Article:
Knee Injury Claim Payouts: How To Calculate Your Compensation Settlement
We describe what a knee injury claim for compensation is; the different bones, cartilage, ligaments, tendons and muscles that make up your knee; how to show “legal fault” for your injuries; the two main types of compensation that can form part of your knee injury claim with examples of how much your compensation settlement should be for various different knee injuries.
- Knee Injury Claim Payouts: How To Calculate Your Compensation Settlement
- Table Of Payouts For Knee Injury Claims In 2023
- What is a knee injury claim?
- What body parts can be injured in your knee?
- How to show who is legally at fault for your knee damage?
- What types of compensation can you claim for your knee injury?
- Average compensation payouts for pain and suffering from knee injury
- Free Online Specialist Solicitor Legal Help
- Table Of Payouts For Knee Injury Claims In 2023
Table Of Payouts For Knee Injury Claims In 2023
Our table is a handy summary of the (full details you will find later in this article) different types of knee injury you might experience – together with the compensation payout you can expect to claim for pain, suffering and loss of amenity.
|Knee Injury||Claim Payout|
Strain, Twist, Lacerations
Symptoms up to 1 year
|£2,000 – £6,000|
3 years symptoms
|£6,000 – £14,000|
|£15,000 – £26,000|
See also meniscus tear article
Severe ligament injury
|£26,000 – £96,000|
What is a knee injury claim?
Should you injure a your knee as a result of negligence and/or breach of statutory duty – you will likely be able to make a knee injury claim for compensation from the person, business or body considered legally at fault. Compensation will include money for pain, suffering and loss of amenity plus past and future financial loss and expense you may incur as a direct result of your knee injury.
Read on – we provide more detail later in our article about the different types of compensation you can claim.
Examples of typical of knee injury claims
You might injure your knee in many different settings, which might include:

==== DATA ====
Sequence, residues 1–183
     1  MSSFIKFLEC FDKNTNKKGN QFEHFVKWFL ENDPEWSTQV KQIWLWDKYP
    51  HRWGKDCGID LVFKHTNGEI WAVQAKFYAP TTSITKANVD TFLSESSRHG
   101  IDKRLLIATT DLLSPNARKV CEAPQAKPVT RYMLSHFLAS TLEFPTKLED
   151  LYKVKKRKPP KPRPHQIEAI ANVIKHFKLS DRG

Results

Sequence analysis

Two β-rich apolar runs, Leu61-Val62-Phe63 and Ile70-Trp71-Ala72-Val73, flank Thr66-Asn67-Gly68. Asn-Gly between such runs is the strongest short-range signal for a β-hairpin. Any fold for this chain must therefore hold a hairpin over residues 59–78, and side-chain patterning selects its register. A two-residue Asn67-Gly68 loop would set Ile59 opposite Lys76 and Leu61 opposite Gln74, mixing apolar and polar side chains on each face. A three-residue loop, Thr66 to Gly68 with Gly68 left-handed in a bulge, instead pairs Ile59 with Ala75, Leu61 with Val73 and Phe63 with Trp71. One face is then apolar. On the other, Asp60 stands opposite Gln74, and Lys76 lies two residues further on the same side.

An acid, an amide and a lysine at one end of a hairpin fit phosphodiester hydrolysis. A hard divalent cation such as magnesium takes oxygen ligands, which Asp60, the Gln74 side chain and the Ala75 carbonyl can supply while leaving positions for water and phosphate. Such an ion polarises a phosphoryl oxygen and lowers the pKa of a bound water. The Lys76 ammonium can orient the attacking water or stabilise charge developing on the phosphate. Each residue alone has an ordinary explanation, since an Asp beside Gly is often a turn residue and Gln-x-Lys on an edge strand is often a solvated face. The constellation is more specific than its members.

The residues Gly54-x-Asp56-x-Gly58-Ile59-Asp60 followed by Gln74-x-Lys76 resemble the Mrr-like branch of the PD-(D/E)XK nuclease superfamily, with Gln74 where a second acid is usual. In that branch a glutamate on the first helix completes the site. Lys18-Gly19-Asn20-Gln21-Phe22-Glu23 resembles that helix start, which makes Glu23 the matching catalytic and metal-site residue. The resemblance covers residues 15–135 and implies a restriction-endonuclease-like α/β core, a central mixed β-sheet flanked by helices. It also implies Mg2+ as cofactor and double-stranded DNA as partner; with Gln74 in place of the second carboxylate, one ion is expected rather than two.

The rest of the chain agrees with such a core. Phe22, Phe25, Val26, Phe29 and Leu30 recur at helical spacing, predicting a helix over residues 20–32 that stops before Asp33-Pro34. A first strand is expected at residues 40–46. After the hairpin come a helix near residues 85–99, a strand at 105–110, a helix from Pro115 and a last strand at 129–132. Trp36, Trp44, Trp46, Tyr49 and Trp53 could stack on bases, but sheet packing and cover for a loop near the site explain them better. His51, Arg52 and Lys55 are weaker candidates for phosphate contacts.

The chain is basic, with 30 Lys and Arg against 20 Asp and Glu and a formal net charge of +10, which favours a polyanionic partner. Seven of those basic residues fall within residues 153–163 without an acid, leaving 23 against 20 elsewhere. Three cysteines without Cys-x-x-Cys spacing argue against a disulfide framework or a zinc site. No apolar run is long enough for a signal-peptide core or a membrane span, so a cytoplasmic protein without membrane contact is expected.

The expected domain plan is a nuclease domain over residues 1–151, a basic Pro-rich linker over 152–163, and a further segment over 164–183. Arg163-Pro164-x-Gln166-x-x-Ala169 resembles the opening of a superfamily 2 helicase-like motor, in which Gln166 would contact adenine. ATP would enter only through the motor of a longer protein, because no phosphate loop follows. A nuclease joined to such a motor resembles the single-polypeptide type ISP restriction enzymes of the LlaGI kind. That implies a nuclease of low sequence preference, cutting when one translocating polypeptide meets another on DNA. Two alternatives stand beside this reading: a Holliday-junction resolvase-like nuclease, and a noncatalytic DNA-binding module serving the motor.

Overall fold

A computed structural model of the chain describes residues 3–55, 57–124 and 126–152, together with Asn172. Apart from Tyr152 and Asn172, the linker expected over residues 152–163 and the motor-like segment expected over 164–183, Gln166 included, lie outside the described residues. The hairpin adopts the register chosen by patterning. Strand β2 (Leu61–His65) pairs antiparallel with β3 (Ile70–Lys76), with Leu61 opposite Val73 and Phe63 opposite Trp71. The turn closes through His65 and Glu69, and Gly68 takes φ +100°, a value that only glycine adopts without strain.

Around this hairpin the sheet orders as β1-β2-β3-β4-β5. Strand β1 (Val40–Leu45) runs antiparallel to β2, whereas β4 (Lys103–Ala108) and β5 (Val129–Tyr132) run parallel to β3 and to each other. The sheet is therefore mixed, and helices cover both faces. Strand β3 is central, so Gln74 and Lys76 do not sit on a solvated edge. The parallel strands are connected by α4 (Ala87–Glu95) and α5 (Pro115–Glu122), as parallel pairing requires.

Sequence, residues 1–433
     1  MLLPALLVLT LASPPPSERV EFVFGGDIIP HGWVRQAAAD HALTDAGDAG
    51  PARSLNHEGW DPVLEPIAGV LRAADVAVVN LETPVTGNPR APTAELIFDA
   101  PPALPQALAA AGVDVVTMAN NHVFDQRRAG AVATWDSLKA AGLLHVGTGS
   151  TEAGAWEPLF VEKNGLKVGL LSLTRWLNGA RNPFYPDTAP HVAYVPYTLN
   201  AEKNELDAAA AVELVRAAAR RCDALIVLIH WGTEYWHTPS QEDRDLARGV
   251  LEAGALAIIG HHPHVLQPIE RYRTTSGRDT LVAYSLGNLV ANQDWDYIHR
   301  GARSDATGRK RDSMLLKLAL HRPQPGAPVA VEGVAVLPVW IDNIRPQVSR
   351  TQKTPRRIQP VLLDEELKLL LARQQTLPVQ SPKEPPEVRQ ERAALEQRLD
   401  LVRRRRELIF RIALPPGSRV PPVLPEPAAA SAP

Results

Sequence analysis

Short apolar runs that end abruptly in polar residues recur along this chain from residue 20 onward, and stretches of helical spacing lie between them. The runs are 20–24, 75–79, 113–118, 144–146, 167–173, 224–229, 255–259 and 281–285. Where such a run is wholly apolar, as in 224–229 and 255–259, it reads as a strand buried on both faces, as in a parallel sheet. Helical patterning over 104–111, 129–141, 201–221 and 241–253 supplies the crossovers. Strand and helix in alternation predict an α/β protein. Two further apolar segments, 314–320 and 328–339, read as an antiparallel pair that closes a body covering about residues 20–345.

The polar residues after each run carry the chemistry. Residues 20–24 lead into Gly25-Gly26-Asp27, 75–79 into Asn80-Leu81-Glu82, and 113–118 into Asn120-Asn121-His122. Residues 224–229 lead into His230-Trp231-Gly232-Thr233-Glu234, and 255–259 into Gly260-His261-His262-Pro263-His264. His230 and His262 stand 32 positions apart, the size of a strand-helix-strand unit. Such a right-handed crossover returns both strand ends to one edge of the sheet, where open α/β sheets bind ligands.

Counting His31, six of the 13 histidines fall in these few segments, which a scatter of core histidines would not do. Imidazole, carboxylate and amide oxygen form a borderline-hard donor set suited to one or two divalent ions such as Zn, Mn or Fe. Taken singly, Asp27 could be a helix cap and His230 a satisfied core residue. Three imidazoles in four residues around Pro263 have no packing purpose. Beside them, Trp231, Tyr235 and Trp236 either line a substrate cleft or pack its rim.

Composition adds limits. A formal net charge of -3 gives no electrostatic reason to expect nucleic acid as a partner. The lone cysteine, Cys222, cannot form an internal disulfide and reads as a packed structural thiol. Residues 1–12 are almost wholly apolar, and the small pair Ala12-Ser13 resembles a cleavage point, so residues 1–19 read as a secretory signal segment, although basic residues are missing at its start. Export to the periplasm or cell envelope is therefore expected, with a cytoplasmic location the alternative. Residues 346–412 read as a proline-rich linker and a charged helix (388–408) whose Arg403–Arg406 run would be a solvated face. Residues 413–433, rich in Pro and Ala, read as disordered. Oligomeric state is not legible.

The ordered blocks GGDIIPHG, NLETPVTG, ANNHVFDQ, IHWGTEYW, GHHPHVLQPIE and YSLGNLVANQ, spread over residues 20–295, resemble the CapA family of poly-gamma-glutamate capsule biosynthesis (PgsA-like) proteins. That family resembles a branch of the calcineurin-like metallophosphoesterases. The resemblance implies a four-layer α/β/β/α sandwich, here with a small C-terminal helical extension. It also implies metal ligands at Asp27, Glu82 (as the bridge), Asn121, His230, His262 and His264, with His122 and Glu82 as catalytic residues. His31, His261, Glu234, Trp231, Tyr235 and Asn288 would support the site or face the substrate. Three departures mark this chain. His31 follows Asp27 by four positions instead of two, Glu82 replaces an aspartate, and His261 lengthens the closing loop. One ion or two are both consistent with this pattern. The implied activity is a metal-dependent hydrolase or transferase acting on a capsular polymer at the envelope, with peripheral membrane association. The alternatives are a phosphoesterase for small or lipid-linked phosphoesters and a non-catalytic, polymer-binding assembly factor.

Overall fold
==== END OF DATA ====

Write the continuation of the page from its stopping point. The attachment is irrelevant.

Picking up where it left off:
Motorbike and cyclist accidents
Motorbikers and cyclists are vulnerable road users, when hit by a car or knocked off a bike due to other forms of collision – various serious injures can be caused, including knee injuries.
Defective surgical procedure, slips on wet hospital floors or falls out of hospital beds are just some examples of clinical negligence that can lead to knee injury claims.
* Criminal injury
Criminal assault can often result in knee injury.
*Watch out – compensation paid for criminal injury via the CICA are calculated on a different basis than set out in this article. See our criminal injuries compensation guide for more details.
What body parts can be injured in your knee?
Your knee is one of the most complex joints – with many different body parts that can be injured, which include:.
Bones of the knee
At the knee two bones, known as the tibia (or shinbone) and fibula, in the lower leg are attached to the femur (or thigh bone) in the upper leg.
The bone of the” knee cap” itself is known medically as the “patella”.
See our leg injury claim article for examples of the amounts of compensation you can claim for an injury to your upper and lower leg.
Cartilage of the knee
Cartilage is a tough tissue found in the human body at joints where bones meet other bones. It is stiff and strong – but not as strong and as inflexible as bone.
Behind your kneecap there are three cartilages – two meniscus cartilages and a cartilage known as the gristle.
Ligaments of the knee
Ligaments are fibrous tissues which connect bones to other bones.
There are four ligaments in the knee – two cruciate ligaments (in the centre of your knee) and two collateral ligaments (either side of your knee).
Tendons of the knee
A tendon is a strong tissue which connects muscles to bones.
The knee has one main tendon known as the kneecap or patellar tendon.
Muscles joining at the knee
Your knee attaches two muscles in the upper leg (the quadriceps at the front of your leg and the hamstrings muscles at the back of your upper leg) with a muscle in your lower leg (the calf muscle – at the back of your lower leg).
How to show who is legally at fault for your knee damage?
Deciding who is legally at fault for your knee injury claim is not a straight forward process as it will depend on the circumstances of your particular accident and the law which surrounds accidents of the kind you have suffered.
For example: if you had a motorcycle or other road accident – the Highway Code can be referred to, which will help decide who was responsible. If you had a lifting accident at work the Health and Safety at Work Regulations and Manual Handling Regulations would set out the duties of your employer.
We recommend – contact a specialist personal injury solicitor to decide who is “legally at fault” to pay your knee injury compensation claim. A specialist lawyer will be familiar with all the relevant law that will apply to your accident.
What types of compensation can you claim for your knee injury?